Treatment with HC-030031 also substantially reduced formalin-mediated pain responses in rats. This decrease in pain response was not only apparent during the early phase (Phase I) of the formalin response, but also persisted in the later phase (Phase II). Phase I is thought to reflect the acute pain response while phase II is proposed to be caused by central sensitization. Phase I and II formalin responses were also reduced in mice lacking functional TRPA1, providing further confirmation of the channel's role in pain receptor activation.
Citation: McNamara CR, Mandel-Brehm J, Bautista DM, Siemens, J, Deranian KL, Zhao M, Hayward NJ, Chong JA, Julius D, Moran MM, Fanger CM. (2007) TRPA1 mediates formalin-induced pain. Proc Natl Acad Sci USA.
About Ion Channels
Aberrant ion channel activity has been implicated in many diseases, including hypertension, cardiac arrhythmias, gastrointestinal disorders, cystic fibrosis and pathological pain. Many drugs on the market today act on ion channels, either directly or indirectly, including calcium channel blockers for hypertension and angina, and sodium channel blockers for pain. Hydra's TRP channel discovery program has identified numerous modulators predicted to impact diseases such as pain and inflammation, hypertension, and pulmonary diseases. Many of these modulators have been shown to be efficacious in animal models of disease. In addition, ion channels have been successful drug targets, with modulators of ion flux representing up to 17% of world pharmaceutical sales.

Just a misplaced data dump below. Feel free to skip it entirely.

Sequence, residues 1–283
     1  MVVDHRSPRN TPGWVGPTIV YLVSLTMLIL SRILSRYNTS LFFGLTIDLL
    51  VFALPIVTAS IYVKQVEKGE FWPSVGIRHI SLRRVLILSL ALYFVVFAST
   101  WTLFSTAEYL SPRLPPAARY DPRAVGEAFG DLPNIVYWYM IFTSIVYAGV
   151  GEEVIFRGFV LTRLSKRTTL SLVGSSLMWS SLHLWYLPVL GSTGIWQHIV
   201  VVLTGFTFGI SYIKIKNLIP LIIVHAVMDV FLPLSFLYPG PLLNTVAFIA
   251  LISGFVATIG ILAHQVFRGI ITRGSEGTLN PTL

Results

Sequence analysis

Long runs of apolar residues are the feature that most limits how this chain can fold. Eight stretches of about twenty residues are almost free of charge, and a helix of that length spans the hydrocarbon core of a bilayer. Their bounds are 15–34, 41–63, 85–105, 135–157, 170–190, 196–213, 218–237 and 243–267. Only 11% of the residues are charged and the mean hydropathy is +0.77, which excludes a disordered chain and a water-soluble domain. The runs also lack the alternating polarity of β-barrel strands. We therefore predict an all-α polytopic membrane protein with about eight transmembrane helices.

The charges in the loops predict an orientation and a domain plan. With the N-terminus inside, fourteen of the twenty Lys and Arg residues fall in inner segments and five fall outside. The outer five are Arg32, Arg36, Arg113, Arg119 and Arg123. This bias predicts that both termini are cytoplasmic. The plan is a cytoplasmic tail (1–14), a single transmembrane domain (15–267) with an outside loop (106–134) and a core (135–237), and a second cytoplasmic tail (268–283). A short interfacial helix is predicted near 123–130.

About the Pain Therapeutics Market
Over 50 million people suffer from inflammatory pain, including osteoarthritis and rheumatoid arthritis. Millions more suffer from post-operative, back and diabetic neuropathic pain. The total worldwide market for all pain indications is estimated to be $20 billion.
About Hydra Biosciences
Hydra Biosciences, a biopharmaceutical company based in Cambridge, Massachusetts, develops drugs to treat pain, inflammation, cardiovascular and other diseases using its expertise in novel ion channels. Hydra's proprietary high throughput screening platforms enable the company to identify and develop drug candidates that address significant unmet medical needs. More information about Hydra Biosciences is available at: www.hydrabiosciences.com.
Posted: August 2007